Step 15: The Last Piece, the Big Plastic "Bumper Cover"

Its called a bumper cover and not a bumper I found out. Its basically a big piece of molded plastic. But it hides all the internal stuff and makes the car look good. It does not do much in a collision except break into pieces. There is a chunk, or perhaps chunks of foam behind it that fill in the gaps between it and the steal bumper support. It is held in place by those stupid plastic rivets and perhaps a few screws. A car dealer will charge you a lot for one, around $400.00. You can buy a new one on  E bay for $100.00 that is primed and ready to paint. Or you can get one at a auto salvage yard for next to nothing but it almost for sure will not be the color that matches your car and probably will have scratches on it and maybe a coating of bugs. I wasn't really worried about the color, I wanted cheap. 

These are pretty easy to put on. This one has holes that line up to the holes in main support for the hood. Slide that on first and just stick bolts through the holes to keep it in place. Then go around to the fenders and lift and slide it into place. With mine there is a support that it slides onto to hold it and then a screw goes through the bumper, the wheel well liner (also plastic) and then is secured into the fender. Once that is in all you have to do is stick the plastic rivets into the holes and push them tight. Your done, its that easy.

Step 16: Charge Up the Air Conditioner

After you test drive the car and are certain that you are not going to have to take the radiator assembly out again, you can charge the air conditioning system.

I have had to have this done several times and the minimum I paid was $75.00  It is not the coolant that costs that. So I decided to buy the equipment to do it myself since only 2 recharging's would pay for it.  I bought a vacuum pump so I could evacuate the lines and a manifold valve thingy that hooks up to the lines and lets you know if things are going the way they are supposed to go. It cost me $150.00. I have now told my friends that I can recharge their air conditioners because I have the equipment, and that it will cost them $40.00 and they buy the coolant. All I need is four cars and I am making a profit.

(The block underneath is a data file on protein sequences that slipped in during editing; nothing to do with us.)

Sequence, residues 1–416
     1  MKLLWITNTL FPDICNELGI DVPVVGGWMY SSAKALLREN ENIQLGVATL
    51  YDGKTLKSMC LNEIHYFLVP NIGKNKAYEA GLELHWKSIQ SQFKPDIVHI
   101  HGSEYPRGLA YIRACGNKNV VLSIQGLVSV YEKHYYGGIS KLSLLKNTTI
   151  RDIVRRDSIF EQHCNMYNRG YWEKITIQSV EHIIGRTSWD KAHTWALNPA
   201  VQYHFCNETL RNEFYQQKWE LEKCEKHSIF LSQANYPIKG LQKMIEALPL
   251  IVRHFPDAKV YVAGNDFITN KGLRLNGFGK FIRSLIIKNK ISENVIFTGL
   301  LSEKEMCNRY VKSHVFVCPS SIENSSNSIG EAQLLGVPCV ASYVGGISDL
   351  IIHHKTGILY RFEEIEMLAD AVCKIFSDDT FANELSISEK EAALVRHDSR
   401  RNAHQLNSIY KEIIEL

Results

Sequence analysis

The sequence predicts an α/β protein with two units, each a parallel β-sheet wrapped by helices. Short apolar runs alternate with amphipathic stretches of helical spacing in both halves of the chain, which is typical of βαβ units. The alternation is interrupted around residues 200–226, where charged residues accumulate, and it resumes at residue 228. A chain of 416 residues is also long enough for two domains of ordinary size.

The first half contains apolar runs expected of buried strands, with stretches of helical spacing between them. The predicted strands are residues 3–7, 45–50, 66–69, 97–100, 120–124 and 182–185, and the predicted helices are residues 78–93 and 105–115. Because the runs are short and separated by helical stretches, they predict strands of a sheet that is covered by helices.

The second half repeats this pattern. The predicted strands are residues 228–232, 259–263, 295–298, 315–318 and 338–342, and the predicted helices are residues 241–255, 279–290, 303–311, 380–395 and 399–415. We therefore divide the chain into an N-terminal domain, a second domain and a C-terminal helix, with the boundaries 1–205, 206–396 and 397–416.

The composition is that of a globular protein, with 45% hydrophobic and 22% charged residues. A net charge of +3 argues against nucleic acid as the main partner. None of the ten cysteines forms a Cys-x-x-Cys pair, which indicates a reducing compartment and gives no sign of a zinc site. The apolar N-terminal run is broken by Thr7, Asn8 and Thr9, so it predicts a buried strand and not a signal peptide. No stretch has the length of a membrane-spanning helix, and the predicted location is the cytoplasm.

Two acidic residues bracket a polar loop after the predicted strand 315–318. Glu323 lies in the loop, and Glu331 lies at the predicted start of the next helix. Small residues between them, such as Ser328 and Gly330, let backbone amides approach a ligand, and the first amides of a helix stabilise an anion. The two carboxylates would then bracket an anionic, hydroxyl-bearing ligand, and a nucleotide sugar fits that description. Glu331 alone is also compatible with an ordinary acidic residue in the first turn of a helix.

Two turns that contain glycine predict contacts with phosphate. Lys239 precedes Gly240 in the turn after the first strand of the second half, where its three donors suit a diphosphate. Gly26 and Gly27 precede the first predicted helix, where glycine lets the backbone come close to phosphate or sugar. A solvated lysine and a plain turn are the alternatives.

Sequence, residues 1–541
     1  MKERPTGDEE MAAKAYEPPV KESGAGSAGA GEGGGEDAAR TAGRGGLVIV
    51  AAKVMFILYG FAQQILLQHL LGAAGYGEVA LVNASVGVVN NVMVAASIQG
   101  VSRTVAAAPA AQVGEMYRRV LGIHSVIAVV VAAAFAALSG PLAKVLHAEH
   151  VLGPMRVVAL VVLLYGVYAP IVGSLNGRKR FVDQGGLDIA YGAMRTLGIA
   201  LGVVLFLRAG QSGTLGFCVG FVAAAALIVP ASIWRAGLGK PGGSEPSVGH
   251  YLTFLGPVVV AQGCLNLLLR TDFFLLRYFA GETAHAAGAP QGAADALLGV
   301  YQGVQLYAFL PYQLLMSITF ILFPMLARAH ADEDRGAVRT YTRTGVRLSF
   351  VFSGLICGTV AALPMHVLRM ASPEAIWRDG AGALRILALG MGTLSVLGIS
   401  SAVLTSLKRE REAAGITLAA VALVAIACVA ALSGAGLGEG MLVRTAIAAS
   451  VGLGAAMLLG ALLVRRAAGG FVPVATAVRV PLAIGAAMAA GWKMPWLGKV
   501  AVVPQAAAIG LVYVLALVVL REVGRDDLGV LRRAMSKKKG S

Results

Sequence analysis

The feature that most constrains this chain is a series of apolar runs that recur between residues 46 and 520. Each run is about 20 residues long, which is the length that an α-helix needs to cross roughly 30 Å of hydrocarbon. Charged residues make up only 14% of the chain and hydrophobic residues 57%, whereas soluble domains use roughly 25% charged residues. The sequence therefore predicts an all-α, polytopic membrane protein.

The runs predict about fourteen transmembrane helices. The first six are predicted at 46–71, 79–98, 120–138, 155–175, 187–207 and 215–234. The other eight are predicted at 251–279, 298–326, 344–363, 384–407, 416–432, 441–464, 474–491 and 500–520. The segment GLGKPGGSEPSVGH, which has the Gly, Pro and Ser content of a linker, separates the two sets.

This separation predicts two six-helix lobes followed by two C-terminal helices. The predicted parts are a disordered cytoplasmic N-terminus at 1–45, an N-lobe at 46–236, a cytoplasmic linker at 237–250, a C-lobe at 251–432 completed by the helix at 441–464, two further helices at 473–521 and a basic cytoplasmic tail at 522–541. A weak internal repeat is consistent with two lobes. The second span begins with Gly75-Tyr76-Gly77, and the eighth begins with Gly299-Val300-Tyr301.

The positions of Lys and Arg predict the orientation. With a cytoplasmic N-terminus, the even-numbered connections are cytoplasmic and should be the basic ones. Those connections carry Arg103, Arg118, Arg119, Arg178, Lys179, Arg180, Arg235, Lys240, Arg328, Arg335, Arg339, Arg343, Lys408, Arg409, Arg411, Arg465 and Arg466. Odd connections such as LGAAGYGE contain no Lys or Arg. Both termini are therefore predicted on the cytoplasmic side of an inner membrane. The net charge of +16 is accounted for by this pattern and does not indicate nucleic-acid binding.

Hook up the lines and the vacuum pump and let it run for a little while, maybe 5 or 10 minutes. You should read a vacuum on the gauge. Shut the pump off and close the valves and leave it sit for half the day (or a whole day) It should still show a vacuum. It might go up a little but if it has lost its vacuum completely then you have a leak somewhere.

If you have no leaks then disconnect the pump (after running it again to get out as much air and moisture as it can) and hook up the lines for the coolant. Start the engine and follow the directions on how to add the coolant. Its pretty simple. It does take a while for it to all get in there.  Add as much as they recommend. I bought some special leak sealing additive and a lubricant also. It is designed for older systems that have some wear. All together I put in one can of that and one can of coolant and it cost me $20.00

Step 17: On the Road Again

I am not going to tell you that this was a simple and easy project. Just about each of the steps could be an instructable by itself. This is really an overview in that there are a lot of little details left out. But the point is that if you want to take the time and tackle a project like this, it is possible to do and at a considerable savings. Nothing was really hard. It just takes the tools and you. You need to believe in yourself that you can figure out a way to get things done. And you need to be determined to devote enough time to it to do it right.

The Cost Breakdown

I paid  $175.00 for parts at the junk yard.

I bought a Harmonic balancer for $65.00
and the replacement Pulleys were about 20 each so that was another $40.00
Lets say $110. for those parts.

I bought about $15 worth of those stupid plastic rivets.

The Air conditioner coolant was $20.

I spent about $5 for degreaser.

A new battery cost me $75.00

That all totals up to $400.00

So, I repaired 3,000 dollars in damage for 400 dollars worth of parts.  Now to be fair, its not painted the right color.  I have been thinking about that because I have several vehicles that could use some paint. So right now my thinking is to get a good paint spray gun and do that myself also.  Maybe yet another instructable!

If you add in to the above, the $300 for the salvage cost, the $125 for towing, and the 70 to transfer the title, I have invested about  $900 in this vehicle. With a book value of over $2500 that is not a bad investment.  And I know the car, there are no surprise issues.

And it drives really great!

So, how ironic is it that the daughter is now driving a conservative, gray, economical car and the dad has the almost all red sporty (rocket car) car that goes from 0 to 60 in 8 seconds.

Cool, wonder what color I should paint it.

Oh, and I found some super custom made LED headlights for it on  E bay -----  well, I did save a lot on fixing it, Maybe a little extra for the fancy stuff would be OK.

Fix & Improve It Contest

Second Prize in the
Fix & Improve It Contest